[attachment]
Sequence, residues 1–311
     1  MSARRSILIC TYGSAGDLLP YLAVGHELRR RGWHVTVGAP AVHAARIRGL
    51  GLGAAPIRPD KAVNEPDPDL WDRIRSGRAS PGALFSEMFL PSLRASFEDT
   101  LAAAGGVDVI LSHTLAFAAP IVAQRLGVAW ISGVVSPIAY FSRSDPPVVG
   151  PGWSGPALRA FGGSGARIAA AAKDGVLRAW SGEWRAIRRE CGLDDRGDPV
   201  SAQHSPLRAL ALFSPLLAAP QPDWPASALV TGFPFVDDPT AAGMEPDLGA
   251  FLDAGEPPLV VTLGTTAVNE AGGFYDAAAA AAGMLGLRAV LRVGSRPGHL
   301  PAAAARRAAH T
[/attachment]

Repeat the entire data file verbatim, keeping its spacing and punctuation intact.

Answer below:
Sequence, residues 1–311
     1  MSARRSILIC TYGSAGDLLP YLAVGHELRR RGWHVTVGAP AVHAARIRGL
    51  GLGAAPIRPD KAVNEPDPDL WDRIRSGRAS PGALFSEMFL PSLRASFEDT
   101  LAAAGGVDVI LSHTLAFAAP IVAQRLGVAW ISGVVSPIAY FSRSDPPVVG
   151  PGWSGPALRA FGGSGARIAA AAKDGVLRAW SGEWRAIRRE CGLDDRGDPV
   201  SAQHSPLRAL ALFSPLLAAP QPDWPASALV TGFPFVDDPT AAGMEPDLGA
   251  FLDAGEPPLV VTLGTTAVNE AGGFYDAAAA AAGMLGLRAV LRVGSRPGHL
   301  PAAAARRAAH T